The Forum was followed by two years of work led by Tamara Homburg and the Cluster Leaders, seeking paper submissions from contributors, organising independent peer review volunteers, all guided by a dedicated group of volunteer editors, including Peter Rothlisberg, Angela Arthington, David Brewer and David Neil. We met in coffee shops, restaurants and offices to thrash out the structure of this electronic volume. It has been a process filled with interesting challenges calmly solved by Tamara. Thankfully, unlike the 1996 meeting we are able to fund Colleen Foelz as a copy editor and publish electronically, which will allow us to add periodically to a compendium of knowledge about the Bay and its attendant systems. This eBook will grow.
To conclude, the Moreton Bay (Quandamooka) and Catchment Forum of 2016, was an important event; both by what it achieved at the time, and what it has sparked since; particularly the establishment of the multi-institutional and independent Moreton Bay Foundation Limited (TMBF). I am convinced, as are the founding members of TMBF (The Goodman Family Foundation, QYAC , The University of Queensland, Griffith University, Queensland University of Technology and, more recently, the University of the Sunshine Coast), that we now have a mechanism that will ensure future partnerships in research and restoration, independent advice to government, a voice of truth to power and a focus around which to join in meetings to regularly review where we are and what we have to do to gain the best for Moreton Bay and its catchment. At last, no more will an individual have to muse about whether or not it is time for another Moreton Bay meeting. The future is here, thank goodness.
Ian R Tibbetts
Convenor, Moreton Bay (Quandamooka) and Catchment Forum 2016
Director, The Moreton Bay Foundation
PS: What I wrote by way of Preface twenty years ago has sadly stood the test of time. I could put forth the same arguments and summaries today. My co-editor on the proceedings of the 1996 conference, Professor Bill Dennison, kindly posted a PDF copy on a site at the University of Maryland (Moreton-Bay-and-Catchment 1998) so you can judge that call for yourself. Perhaps the greatest advance in the intervening years was the formal recognition of Traditional Owner rights over sea and land resources through the establishment of the Quandamooka Yoolooburrabee Aboriginal Corporation. QYAC has made great strides towards recognition of Quandamooka as a World Heritage site based on its singular combination of cultural heritage and high biodiversity. Perhaps one of the greatest retrograde steps has been the proposal by Redland Council to excise an area of the central western Bay from our international obligations under the Ramsar agreement, and permit a development that would destroy vital habitat for migratory wading birds. Quite a remarkable snub to the planet and our international obligations, I think.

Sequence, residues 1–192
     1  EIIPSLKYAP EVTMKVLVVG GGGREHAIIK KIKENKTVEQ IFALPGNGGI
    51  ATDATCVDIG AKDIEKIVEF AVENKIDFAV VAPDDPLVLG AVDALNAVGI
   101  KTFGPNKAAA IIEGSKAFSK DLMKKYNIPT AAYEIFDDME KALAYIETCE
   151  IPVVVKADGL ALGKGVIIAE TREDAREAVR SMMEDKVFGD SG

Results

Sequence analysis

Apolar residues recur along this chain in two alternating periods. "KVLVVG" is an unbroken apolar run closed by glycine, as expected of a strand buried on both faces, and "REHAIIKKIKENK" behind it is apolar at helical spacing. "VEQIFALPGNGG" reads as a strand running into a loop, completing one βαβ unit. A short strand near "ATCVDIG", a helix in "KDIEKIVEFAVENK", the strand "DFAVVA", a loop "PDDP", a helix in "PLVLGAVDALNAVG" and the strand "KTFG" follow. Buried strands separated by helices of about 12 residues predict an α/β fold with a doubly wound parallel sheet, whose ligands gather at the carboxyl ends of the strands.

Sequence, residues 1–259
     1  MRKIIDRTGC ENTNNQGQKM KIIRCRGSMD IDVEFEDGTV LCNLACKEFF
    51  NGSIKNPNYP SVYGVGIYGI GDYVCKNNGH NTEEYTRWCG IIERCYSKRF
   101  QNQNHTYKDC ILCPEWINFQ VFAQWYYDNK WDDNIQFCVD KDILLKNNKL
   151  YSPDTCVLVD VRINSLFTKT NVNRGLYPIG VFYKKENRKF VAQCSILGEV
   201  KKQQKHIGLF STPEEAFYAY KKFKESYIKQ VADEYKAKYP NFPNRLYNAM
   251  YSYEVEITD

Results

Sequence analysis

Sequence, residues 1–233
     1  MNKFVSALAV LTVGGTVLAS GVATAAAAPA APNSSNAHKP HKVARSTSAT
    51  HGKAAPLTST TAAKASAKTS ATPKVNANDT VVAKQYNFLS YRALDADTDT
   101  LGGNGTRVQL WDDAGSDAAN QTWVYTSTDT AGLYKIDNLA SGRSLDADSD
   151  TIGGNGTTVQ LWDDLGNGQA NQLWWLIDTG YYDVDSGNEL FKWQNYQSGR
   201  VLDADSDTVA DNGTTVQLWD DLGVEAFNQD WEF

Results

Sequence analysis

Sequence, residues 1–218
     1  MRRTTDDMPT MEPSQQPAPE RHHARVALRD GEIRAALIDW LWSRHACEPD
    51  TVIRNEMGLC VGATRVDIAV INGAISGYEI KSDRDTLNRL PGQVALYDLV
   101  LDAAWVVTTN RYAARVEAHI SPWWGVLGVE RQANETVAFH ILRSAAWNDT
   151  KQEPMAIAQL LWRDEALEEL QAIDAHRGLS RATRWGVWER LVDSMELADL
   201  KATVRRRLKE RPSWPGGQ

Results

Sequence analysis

Table of Contents
Chapter 1 Indigenous Knowledge and Culture
Protected: Quandamooka Country: The role of science and knowledge in Traditional Owner-led land and sea management
1,2, Darren Burns 1, Joel Bolzenius 1,3Cameron Costello 1, Cameron Costello 1,4
- Protected: A custodial ethic: Indigenous values towards water in Moreton Bay and Catchments Breanna Pinner1, Helen Ross2, Natalie Jones2, Sally Babidge3, Sylvie Shaw1,Katherine Witt 2,and David Rissik 4, 5,